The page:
The timeline of timecode is more epic thank you think.
Filmmaking in the digital age has simplified once arcane tasks into plug-and-play automation. Certain functions are so ingrained in film technology they are often taken for granted. Timecode is the perfect example.
That rectangle of ticking numbers is just the tip of a century-long evolutionary iceberg which parallels the technological narrative of cinema itself.
In this dense, pacey, encyclopedic video lesson, John P. Hess of Filmmaker IQ ticks off the major trials, errors, and usages of timecode from Lumiere past to Lumetri present.
Personally, I dislike the phrase “geek out.” It’s either used to shame people with niche interests or to disguise bland pop-culture obsessions as academic pursuits. That being said, there’s no way around it: This is an unabashed geek out, and only for those with an insatiable Bill Nye-level curiosity for film technology.
If you fit this description, however, then please indulge because there are true tidbits in there, including “Edge Numbers”, Kodak’s circa-1919 attempt at literally marking time by printing latent 5-digit numbers on unprocessed film.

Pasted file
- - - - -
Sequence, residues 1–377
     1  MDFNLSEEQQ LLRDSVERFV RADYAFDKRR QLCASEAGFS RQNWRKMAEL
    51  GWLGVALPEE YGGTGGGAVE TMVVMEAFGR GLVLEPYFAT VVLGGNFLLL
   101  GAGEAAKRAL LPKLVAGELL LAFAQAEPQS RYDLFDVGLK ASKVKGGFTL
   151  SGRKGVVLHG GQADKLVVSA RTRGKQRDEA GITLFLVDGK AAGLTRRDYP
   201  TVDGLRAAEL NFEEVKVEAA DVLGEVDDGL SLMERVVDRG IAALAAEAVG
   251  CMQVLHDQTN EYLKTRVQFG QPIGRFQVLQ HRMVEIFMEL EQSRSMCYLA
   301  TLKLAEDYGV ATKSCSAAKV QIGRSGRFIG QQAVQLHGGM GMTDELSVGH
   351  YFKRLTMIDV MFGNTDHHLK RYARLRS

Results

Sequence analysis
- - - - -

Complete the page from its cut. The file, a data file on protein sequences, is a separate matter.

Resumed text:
Also, the mid-century advent of the Electronic Editor, the first machine to make videotape splices based on time signatures. A crucial invention save for one drawback: the operator had to press record exactly one half-second before the machine’s edit began, thus garnering the nickname, “Punch and Pray.”
Another fascinating segment is what Hess describes as the 1960s “Timecode Space Race,” in which a select few companies battled to invent and own the timecode industry standard.
The video is stuffed with these educational morsels, and I’d love to hear what caught your interest down in the comments. Let’s geek out.